Mar 9, 2016
This content contains explicit and sensitive information that may not be suitable for all ages.
1) Write down why you think you have been referred to a psychiatrist.
2) Write down the symptoms and feelings you are struggling with the most.
3) What are your expectations for your consultation with a psychiatrist? If you are not sure research (aka Google) what the role of psychiatrist is.
4) If you have seen a psychiatrist before (or engaged in mental health programs and/or therapy), write down the dates, diagnosis and if you found it helpful.
5) Understand you will be asked personal and sensitive questions, which you may have never been asked before, such as abuse history and relationships.
We do not have to go into detail but please do share, because it helps for diagnosis and understanding you. We’re asking these questions to ultimately help you.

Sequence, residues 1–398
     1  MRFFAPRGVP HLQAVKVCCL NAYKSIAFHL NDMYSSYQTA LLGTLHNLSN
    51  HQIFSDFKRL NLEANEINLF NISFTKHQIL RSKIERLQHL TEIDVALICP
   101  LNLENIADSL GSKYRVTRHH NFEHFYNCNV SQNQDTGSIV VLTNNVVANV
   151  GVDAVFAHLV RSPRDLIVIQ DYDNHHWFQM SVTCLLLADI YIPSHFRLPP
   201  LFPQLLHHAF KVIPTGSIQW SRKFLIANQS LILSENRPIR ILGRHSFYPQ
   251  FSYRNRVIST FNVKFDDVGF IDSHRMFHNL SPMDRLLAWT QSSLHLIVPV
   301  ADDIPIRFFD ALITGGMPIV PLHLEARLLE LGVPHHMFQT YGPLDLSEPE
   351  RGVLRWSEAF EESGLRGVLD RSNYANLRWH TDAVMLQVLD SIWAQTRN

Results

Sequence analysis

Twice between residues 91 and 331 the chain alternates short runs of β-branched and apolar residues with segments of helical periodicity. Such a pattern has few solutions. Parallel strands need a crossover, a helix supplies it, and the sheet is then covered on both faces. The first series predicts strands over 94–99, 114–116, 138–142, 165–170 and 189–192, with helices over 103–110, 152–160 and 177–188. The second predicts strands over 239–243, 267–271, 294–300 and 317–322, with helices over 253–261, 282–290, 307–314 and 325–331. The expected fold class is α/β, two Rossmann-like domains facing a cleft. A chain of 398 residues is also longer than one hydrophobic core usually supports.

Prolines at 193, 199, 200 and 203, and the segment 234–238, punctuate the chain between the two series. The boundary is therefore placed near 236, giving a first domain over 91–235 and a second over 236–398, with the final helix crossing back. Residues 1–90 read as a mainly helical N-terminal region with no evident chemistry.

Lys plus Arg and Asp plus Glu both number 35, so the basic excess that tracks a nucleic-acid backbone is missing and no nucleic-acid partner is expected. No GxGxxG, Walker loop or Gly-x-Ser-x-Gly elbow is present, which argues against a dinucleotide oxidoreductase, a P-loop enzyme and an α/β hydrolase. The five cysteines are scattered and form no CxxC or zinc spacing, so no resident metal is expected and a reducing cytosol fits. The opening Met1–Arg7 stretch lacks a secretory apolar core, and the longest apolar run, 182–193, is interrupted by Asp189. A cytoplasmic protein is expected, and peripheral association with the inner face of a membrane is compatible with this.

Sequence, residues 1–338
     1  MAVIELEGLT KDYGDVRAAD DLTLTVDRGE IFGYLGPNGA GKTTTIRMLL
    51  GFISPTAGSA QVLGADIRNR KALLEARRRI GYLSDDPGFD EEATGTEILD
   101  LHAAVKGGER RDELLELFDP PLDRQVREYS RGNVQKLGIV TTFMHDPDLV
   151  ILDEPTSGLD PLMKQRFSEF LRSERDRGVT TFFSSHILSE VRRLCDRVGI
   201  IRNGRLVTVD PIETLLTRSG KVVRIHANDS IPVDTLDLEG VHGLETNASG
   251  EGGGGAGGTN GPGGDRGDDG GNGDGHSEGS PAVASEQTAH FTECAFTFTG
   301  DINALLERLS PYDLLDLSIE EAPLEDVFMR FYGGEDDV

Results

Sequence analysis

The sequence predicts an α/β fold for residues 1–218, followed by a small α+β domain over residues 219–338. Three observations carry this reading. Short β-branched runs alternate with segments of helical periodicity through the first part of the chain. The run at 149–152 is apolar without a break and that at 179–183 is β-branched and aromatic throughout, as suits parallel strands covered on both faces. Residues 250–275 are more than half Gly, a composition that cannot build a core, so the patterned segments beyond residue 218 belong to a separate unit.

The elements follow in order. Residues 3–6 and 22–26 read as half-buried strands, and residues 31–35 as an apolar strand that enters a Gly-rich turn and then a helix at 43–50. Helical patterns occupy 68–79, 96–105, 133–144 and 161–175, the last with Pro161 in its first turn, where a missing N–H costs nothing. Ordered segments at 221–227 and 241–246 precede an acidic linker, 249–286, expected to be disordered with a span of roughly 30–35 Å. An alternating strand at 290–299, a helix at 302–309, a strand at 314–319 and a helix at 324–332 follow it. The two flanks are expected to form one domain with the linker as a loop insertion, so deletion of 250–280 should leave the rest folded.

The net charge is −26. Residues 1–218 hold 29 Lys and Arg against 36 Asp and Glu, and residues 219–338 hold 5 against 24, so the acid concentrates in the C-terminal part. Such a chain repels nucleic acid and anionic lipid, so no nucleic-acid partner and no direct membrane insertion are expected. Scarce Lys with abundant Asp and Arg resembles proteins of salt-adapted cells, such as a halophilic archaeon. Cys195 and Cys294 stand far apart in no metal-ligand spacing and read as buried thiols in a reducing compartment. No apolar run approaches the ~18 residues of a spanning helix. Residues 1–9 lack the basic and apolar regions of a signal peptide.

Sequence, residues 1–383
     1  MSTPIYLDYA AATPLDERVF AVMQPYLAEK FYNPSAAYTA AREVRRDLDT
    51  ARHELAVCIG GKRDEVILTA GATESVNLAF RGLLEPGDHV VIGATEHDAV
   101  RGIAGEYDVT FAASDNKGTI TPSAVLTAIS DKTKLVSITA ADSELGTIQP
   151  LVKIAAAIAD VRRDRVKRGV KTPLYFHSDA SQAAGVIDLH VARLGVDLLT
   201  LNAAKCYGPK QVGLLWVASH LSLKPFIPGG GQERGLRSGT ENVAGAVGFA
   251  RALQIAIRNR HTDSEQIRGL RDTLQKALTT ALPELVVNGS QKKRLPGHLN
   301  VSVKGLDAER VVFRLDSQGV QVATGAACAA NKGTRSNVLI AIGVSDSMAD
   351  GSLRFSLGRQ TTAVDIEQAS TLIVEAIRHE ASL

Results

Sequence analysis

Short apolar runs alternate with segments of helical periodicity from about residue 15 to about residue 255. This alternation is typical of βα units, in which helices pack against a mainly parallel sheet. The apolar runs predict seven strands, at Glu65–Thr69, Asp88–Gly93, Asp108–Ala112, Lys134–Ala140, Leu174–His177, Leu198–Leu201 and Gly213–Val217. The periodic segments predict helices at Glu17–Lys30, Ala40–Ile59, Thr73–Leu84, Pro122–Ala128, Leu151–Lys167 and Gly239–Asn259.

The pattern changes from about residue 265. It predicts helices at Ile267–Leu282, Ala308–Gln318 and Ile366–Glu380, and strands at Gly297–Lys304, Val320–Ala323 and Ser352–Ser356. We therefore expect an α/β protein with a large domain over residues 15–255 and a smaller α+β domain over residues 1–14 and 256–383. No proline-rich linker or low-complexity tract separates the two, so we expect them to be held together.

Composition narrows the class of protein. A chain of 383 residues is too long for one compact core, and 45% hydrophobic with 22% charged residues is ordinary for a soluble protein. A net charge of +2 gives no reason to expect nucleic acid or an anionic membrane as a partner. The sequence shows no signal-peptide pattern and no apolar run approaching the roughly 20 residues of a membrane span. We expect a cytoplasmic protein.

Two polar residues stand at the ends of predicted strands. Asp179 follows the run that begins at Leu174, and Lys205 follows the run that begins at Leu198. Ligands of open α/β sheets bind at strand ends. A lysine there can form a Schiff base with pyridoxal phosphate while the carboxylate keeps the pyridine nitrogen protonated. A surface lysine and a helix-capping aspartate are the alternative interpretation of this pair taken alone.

6) Ideally, you want to have your family doctor run baseline labs. Bring those results to the appointment.
7) Ensure you bring your current full medication list, including ones used for other medical conditions. This one’s important!
Current meds also includes:
8) Know your, and your family’s, medical history. If you don’t have this, and have the ability to find out, ask your mother, father, aunts, uncles. For example: diabetes, blood pressure, seizures, thyroid, cardiac issues and especially any history of mental illness.
9) Write down any psychiatric medications you have used. Say what ones worked, or the ones you hated because of side effects.
10) Be on time. But understand that there may be a delay because patients before you may be struggling like you and may need more time than their appointment was scheduled for (just like I would do for you if you needed it).
And most of allâ€¦
11) Be honest. I know it’s hard with someone you just met, but it goes a long way to help you and that’s what we are here for! In our nonjudgmental way.